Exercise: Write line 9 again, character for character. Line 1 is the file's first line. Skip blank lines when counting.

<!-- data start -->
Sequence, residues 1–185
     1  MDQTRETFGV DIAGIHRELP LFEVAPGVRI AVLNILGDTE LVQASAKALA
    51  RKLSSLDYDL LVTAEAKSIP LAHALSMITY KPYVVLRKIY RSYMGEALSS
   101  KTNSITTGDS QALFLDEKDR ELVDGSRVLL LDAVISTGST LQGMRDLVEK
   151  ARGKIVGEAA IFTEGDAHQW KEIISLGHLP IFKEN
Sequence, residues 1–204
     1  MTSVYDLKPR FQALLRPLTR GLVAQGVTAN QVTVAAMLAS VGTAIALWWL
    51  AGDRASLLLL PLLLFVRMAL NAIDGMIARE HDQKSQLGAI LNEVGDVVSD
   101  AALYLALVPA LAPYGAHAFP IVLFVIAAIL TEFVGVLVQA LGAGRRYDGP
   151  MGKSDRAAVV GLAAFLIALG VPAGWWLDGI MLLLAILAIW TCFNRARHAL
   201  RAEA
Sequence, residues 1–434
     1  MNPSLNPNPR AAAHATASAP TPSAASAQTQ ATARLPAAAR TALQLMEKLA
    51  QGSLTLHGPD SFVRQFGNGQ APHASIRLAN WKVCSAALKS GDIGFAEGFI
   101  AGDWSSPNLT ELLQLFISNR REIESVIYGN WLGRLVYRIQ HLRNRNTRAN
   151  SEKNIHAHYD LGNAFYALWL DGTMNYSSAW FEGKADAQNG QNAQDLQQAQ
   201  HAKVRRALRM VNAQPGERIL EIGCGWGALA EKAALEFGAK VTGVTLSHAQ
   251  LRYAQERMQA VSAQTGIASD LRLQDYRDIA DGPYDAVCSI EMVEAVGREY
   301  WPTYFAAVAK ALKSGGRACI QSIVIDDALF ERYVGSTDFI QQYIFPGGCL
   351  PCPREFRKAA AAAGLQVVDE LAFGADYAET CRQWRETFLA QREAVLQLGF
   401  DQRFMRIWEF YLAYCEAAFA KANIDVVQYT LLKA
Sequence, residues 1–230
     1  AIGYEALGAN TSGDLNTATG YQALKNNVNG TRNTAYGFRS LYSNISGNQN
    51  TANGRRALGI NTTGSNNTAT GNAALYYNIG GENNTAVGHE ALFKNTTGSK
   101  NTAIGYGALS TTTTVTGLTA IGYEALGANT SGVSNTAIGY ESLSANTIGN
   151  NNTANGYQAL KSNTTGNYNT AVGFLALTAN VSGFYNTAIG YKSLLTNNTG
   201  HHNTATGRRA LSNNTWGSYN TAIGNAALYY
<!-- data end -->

   101  AALYLALVPA LAPYGAHAFP IVLFVIAAIL TEFVGVLVQA LGAGRRYDGP